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   Table of Contents      
Year : 2019  |  Volume : 67  |  Issue : 2  |  Page : 195

Just another chalazion?

Oncology Service, Wills Eye Hospital, Thomas Jefferson University, Philadelphia, PA, USA

Date of Web Publication23-Jan-2019

Correspondence Address:
Dr. Carol L Shields
Oncology Service, Wills Eye Hospital, Thomas Jefferson University, Philadelphia, PA - 19107-5109
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Source of Support: None, Conflict of Interest: None

DOI: 10.4103/ijo.IJO_18_19

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How to cite this article:
McLaughlin J, Lally SE, Shields CL. Just another chalazion?. Indian J Ophthalmol 2019;67:195

How to cite this URL:
McLaughlin J, Lally SE, Shields CL. Just another chalazion?. Indian J Ophthalmol [serial online] 2019 [cited 2020 Aug 14];67:195. Available from: http://www.ijo.in/text.asp?2019/67/2/195/250668

  Case Top

A 60-year-old Caucasian male noted a red lesion on the right lower eyelid which was growing over 3 months. He revealed previously treated cancers of the colon, ureter, and skin, all under control without recurrence. He also noted previous eyelid surgery 2 years ago revealing a well-differentiated sebaceous carcinoma. Family history disclosed multiple members with skin and colon carcinomas. On examination of the patient, visual acuity was 20/20 OD and 20/30 OS. There was an elevated, lightly colored cutaneous lesion on the right lower eyelid margin, temporal to the site of the previous biopsy and measuring 6 × 4 × 3 mm.

  What is Your Next Step? Top

  1. Shave biopsy of the lesion and follow up in 3 months.
  2. Wedge resection with immunohistochemical testing for Muir-Torre syndrome (MTS).
  3. Close monitoring with daily applications of hot compresses and topical corticosteroid ointment.
  4. Test for Gorlin–Goltz syndrome and proceed with photodynamic therapy.

  Findings Top

A pentagonal eyelid resection of the mass [Figure 1]a and [Figure 1]b was performed. Histopathology revealed a low-grade sebaceous neoplasm most consistent with sebaceous adenoma. Immunohistochemical testing for DNA mismatch repair proteins in the excised tissue demonstrated normal staining for MLH1 [Figure 1]c and abnormal absence (lack of staining, mutation) for MSH2 [Figure 1]d. These findings were suggestive of underlying MTS.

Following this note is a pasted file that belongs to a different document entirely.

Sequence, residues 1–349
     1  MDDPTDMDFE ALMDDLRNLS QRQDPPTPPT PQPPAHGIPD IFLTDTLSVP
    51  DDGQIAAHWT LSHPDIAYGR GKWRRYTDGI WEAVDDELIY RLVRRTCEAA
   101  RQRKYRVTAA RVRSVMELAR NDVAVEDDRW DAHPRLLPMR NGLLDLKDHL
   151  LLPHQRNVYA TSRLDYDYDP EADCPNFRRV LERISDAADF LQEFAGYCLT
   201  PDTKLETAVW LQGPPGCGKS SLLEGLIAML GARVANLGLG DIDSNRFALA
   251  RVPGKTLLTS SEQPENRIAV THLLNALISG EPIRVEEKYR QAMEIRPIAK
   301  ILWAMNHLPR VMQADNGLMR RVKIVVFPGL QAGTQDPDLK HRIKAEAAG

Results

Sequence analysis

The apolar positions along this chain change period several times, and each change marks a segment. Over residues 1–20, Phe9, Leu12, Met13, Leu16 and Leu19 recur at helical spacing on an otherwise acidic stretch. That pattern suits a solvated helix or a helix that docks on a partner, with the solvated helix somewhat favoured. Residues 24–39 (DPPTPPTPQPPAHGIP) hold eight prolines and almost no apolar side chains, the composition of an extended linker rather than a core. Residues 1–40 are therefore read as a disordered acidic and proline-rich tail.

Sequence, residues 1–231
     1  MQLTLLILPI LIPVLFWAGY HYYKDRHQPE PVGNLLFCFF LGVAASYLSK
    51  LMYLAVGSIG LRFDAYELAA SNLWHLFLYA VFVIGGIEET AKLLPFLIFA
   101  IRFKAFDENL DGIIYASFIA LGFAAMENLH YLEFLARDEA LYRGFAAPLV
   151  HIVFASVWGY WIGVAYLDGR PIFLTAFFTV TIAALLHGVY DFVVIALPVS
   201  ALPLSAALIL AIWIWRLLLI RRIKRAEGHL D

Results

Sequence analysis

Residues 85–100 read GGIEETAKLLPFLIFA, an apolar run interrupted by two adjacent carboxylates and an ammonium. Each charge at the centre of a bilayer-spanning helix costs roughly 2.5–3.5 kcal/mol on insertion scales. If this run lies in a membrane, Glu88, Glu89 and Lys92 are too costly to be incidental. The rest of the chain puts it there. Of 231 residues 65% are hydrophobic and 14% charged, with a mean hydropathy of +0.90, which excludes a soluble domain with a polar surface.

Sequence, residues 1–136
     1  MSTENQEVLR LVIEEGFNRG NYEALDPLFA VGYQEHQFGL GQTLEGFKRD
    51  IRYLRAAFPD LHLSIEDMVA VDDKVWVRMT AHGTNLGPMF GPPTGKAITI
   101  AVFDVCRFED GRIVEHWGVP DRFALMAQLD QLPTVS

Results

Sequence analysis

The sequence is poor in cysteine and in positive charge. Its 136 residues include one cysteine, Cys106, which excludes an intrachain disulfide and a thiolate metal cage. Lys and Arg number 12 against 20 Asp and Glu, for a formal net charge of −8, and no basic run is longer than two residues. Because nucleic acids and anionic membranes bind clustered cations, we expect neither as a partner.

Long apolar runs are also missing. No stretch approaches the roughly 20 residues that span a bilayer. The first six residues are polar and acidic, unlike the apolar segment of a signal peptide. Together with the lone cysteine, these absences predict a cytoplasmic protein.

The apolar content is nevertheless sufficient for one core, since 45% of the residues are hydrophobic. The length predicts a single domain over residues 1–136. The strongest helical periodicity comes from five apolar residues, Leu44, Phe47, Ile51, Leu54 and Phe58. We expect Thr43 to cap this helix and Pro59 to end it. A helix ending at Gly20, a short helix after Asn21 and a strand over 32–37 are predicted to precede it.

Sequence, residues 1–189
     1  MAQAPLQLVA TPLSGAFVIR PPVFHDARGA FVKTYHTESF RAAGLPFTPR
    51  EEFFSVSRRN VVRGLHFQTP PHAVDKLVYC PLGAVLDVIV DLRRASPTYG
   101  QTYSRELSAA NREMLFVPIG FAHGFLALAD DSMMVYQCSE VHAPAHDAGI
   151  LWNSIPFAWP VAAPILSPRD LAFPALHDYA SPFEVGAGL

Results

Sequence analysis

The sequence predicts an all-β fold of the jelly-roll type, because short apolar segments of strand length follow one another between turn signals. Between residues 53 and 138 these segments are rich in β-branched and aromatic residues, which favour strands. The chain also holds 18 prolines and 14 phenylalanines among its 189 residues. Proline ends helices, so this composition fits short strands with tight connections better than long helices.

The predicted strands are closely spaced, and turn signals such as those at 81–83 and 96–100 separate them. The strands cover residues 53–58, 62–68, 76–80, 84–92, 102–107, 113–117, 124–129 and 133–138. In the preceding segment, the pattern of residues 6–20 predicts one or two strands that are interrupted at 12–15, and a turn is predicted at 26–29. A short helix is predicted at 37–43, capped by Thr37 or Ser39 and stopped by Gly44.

Figure 1: External photograph showing nodular lesion on the right lower lid margin (a) and invading the tarsus (b). Immunohistochemical staining for DNA mismatch repair proteins revealed normal staining for MLH1 (c) and lack of staining for MSH2 (d), suggestive of Muir-Torre syndrome

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  Diagnosis Top

Sebaceous adenoma in the setting of MTS.

  Correct Answer: B. Top

  Discussion Top

MTS is a rare variant of Lynch syndrome found in <1% of the population. This syndrome is clinically suspected by the occurrence of both a visceral cancer, usually involving the colon or genitourinary system, along with cutaneous sebaceous neoplasms. This constellation of neoplasms is typically multiple, occur at an early age, and are generally histopathologically low grade.[1] Colorectal carcinoma is the most common primary malignancy, found in approximately 51% of MTS patients and generally localized proximal to the splenic flexure.[2] Other common internal malignancies include cancer of the endometrium, ovary, and uroepithelium which make up 24% of cases. Mismatch repair gene mutations in MLH1 and MSH2 spawn the development of various neoplasms.[3]


Acknowledgment to Dr. Tatyana Millman and Dr. Ralph Eagle for their contributions to histopathology photomicrographs.

Declaration of patient consent

The authors certify that they have obtained all appropriate patient consent forms. In the form the patient(s) has/have given his/her/their consent for his/her/their images and other clinical information to be reported in the journal. The patients understand that their names and initials will not be published and due efforts will be made to conceal their identity, but anonymity cannot be guaranteed.

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Conflicts of interest

There are no conflicts of interest.

  References Top

Lee JB, Litzner BR, Vidal CI. Review of the current medical literature and assessment of current utilization patterns regarding mismatch repair protein immunohistochemistry in cutaneous Muir–Torre syndrome-associated neoplasms. J Cutan Pathol 2017;44:931-7.  Back to cited text no. 1
Schwartz RA, Torre DP. The Muir-Torre syndrome: A 25-year retrospect. J Am Acad Dermatol 1995;33:90-104.  Back to cited text no. 2
Jagan L, Zoroquiain P, Bravo-Filho V, Logan P, Qutub M, Burnier J, et al. Sebaceous adenomas of the eyelid and Muir-Torre syndrome. Brti J Ophthalmol 2015;99:909-13.  Back to cited text no. 3


  [Figure 1]


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